Cicero on Oratory and Orators: With His Letters to Quintus and Brutus

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George Bell and Sons, 1884 - Oratory - 522 pages
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Page 305 - Silio consule designato, cuius de potentia et exitio in tempore memorabo, consurgunt patres legemque Cinciam flagitant, qua cavetur antiquitus ne quis ob causam orandam pecuniam donumve accipiat.
Page 268 - Catulus, of more importance in speaking than that the hearer should be favourable to the speaker, and be himself so strongly moved that he may be influenced more by impulse and excitement of mind, than by judgment or reflection. For mankind make far more determinations through hatred, or love, or desire, or anger, or grief, or joy, or hope, or fear, or error, or some other affection of mind, than from regard to truth, or any settled maxim, or principle of right, or judicial form, or adherence to...
Page 147 - For who can suppose that, amid the greatest multitude of students, the utmost abundance of masters, the most eminent geniuses among men, the infinite variety of causes, the most ample rewards offered to eloquence, there is any other reason to be found for the small number of orators than the incredible magnitude and difficulty of the art ? A knowledge of a vast number of things is necessary, without which volubility of words is empty and ridiculous ; speech itself is to be formed, not merely by choice,...
Page 195 - And if our country has our love, as it ought to have in the highest degree, — our country, I say, of which the force and natural attraction is so strong, that one of the wisest of mankind preferred his Ithaca, fixed, like a little nest, among the roughest of rocks, to immortality itself, — with what affection ought we to be warmed toward such a country as ours, which, preeminently above all other countries, is the seat of virtue, empire, and dignity?
Page 147 - ... trivial art of actors and the stage proves; on which though all bestow their utmost labor to form their look, voice, and gesture, who knows not how few there are, and have ever been, to whom we can attend with patience ? What can I say of that repository for all things, the memory; which, unless it be made the keeper of the matter and words that are the fruits of thought and invention...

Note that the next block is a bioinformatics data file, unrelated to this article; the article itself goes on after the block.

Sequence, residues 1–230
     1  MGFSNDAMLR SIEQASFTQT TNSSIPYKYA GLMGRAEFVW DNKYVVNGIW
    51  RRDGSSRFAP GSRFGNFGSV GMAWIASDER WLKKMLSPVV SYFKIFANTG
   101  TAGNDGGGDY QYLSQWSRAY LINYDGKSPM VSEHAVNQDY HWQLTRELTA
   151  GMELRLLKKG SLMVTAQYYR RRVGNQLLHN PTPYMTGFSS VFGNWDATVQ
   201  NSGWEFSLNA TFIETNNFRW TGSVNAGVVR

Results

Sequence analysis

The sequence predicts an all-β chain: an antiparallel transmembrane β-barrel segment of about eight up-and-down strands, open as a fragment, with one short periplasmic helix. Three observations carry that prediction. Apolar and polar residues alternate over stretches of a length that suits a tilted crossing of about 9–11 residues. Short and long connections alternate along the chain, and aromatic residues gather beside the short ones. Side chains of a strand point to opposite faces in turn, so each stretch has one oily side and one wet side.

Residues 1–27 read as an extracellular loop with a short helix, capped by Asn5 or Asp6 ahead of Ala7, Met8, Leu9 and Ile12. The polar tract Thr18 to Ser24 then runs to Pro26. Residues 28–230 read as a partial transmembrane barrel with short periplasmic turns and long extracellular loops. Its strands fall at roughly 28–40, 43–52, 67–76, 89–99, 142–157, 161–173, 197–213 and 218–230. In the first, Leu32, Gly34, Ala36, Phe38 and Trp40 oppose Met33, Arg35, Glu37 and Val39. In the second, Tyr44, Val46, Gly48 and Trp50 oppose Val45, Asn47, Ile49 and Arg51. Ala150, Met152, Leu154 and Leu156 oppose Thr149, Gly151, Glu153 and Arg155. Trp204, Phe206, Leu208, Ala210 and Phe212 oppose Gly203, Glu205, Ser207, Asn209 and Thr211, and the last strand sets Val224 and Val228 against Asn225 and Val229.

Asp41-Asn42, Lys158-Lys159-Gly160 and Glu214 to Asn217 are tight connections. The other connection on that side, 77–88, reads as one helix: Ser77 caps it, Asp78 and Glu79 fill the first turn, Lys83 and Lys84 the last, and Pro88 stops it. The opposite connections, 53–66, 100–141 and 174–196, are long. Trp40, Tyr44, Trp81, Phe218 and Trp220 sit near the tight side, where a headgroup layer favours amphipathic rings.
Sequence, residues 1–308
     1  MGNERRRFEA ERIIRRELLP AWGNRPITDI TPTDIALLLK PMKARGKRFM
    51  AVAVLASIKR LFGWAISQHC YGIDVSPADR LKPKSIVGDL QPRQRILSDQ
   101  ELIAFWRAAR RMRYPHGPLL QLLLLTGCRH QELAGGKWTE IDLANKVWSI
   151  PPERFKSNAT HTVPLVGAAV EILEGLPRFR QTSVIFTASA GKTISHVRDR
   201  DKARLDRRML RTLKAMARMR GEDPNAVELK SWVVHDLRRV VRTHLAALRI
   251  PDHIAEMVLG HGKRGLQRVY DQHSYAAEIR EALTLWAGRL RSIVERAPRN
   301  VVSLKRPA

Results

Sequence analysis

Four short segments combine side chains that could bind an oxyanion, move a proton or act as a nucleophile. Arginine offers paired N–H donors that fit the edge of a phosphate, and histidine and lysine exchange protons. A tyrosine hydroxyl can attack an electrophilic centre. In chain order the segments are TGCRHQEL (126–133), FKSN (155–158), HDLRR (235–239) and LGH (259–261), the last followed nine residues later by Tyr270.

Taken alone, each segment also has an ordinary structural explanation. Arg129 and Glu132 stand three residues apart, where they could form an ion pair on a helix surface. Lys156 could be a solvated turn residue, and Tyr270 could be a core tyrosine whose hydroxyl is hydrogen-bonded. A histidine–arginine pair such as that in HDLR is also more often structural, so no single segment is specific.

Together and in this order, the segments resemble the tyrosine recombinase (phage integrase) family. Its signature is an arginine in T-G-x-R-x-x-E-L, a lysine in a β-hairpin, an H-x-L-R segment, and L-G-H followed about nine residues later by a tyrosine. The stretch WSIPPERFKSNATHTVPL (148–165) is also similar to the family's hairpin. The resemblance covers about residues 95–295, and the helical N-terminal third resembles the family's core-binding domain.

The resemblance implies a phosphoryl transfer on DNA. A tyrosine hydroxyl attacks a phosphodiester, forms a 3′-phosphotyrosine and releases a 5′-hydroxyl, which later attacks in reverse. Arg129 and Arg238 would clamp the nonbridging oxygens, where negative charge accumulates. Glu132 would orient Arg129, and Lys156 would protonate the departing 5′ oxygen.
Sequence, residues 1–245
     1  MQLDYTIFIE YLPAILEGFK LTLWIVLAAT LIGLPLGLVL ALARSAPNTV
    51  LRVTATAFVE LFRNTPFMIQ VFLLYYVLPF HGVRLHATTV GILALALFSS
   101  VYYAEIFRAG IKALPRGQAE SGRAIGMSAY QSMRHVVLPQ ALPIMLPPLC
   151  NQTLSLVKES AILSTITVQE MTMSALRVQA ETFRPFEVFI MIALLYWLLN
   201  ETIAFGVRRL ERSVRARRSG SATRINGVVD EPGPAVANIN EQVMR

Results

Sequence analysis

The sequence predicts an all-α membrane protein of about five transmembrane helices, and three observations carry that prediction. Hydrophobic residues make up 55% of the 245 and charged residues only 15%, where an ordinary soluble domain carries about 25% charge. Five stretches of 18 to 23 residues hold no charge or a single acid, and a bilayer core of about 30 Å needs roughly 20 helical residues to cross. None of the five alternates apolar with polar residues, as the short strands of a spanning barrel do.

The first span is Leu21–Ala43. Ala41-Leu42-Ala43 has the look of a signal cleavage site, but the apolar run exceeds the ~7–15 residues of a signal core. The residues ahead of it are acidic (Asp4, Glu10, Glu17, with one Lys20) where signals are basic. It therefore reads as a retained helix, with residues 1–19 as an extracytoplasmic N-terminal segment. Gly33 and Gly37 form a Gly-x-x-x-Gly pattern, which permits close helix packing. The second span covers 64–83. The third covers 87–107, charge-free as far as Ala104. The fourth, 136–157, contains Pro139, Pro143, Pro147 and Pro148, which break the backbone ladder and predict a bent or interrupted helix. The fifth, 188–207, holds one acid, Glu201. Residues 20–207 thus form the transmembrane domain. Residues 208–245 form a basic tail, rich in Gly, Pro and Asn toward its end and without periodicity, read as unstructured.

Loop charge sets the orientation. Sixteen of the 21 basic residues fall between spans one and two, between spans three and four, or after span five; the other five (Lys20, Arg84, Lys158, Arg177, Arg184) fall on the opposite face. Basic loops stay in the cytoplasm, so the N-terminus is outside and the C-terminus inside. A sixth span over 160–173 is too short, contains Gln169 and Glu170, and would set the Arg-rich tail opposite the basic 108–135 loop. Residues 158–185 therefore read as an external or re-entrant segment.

Page 181 - I habituated myself to use such as were less eligible. Afterwards I thought proper, and continued the practice at a rather more advanced age, to translate the orations of the best Greek orators ; by fixing upon which I gained this advantage, that while I rendered into Latin what I had read in Greek, I not only used the best words, and yet such as were of common occurrence, but also formed some words by imitation, which would be new to our countrymen, taking care, however, that they were unobjectionable.
Page 311 - ... judgment and prudence. For, to premise something before we come to the main point; then to explain the matter in question; then to support it by strengthening our own arguments, and refuting those on the other side; next to sum up, and come to the peroration; is a mode of speaking that nature herself prescribes. But to determine how we should arrange the particulars that are to be advanced in order to prove, to inform, to persuade, more peculiarly belongs to the orator's discretion.
Page 222 - Roman people if he were believed to have had no learning at all; and thus the one imagined that he should have more authority if he appeared to despise the Greeks, and the other if he seemed to know. nothing of them. But what their object was is certainly nothing to our present purpose. It is pertinent, however, to the treatise which I have commenced, and to this portion of it, to remark, that no man could ever excel and reach eminence in eloquence 'without learning, not only the art of oratory,...
Page 452 - ... passions. By what qualities in the speaker each of these effects may be produced, or by what deficiencies they are either lost, or but imperfectly performed, is an inquiry which none but an artist can resolve ; but whether an audience is really so affected by an orator as shall best answer his purpose, must be left to their own feelings, and the decision of the public. The learned therefore, and the people at large, have never disagreed about who was a good orator, and who was otherwise.
Page 178 - ... these cases. But that of such subjects as are distinct from general questions, part come under the head of judicial proceedings, part under that of deliberations; and that there is a third kind which is employed in praising or censuring particular persons. That there are also certain commonplaces on which we may insist in judicial proceedings, in which equity is the object; others, which we may adopt in deliberations, all which are to be directed to the advantage of those to whom we give counsel;...

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